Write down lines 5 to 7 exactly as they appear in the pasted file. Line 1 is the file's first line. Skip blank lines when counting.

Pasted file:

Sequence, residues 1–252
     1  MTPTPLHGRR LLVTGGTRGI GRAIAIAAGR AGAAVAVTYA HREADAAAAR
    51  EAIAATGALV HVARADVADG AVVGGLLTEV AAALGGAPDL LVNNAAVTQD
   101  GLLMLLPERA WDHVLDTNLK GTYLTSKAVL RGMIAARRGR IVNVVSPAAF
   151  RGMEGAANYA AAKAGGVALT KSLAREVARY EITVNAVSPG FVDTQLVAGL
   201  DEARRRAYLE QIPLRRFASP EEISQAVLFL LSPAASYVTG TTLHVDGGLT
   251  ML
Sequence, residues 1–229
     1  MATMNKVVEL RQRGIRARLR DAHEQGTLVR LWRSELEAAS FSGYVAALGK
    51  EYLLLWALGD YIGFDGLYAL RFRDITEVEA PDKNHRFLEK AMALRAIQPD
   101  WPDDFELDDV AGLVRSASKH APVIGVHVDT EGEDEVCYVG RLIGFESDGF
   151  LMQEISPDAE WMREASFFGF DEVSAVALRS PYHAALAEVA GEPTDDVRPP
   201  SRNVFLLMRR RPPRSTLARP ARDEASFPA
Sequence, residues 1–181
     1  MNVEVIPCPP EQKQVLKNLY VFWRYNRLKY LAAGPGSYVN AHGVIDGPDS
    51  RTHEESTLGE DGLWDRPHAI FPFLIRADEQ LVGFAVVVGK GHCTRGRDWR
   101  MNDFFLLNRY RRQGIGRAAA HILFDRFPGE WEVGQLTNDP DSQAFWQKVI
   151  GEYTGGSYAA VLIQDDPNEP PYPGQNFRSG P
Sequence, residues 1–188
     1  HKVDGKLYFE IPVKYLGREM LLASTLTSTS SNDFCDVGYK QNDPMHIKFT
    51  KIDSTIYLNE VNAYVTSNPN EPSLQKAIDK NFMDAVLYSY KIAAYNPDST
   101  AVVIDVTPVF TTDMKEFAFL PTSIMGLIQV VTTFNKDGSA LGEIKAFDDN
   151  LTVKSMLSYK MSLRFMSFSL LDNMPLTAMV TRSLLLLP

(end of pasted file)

   151  RGMEGAANYA AAKAGGVALT KSLAREVARY EITVNAVSPG FVDTQLVAGL
   201  DEARRRAYLE QIPLRRFASP EEISQAVLFL LSPAASYVTG TTLHVDGGLT
   251  ML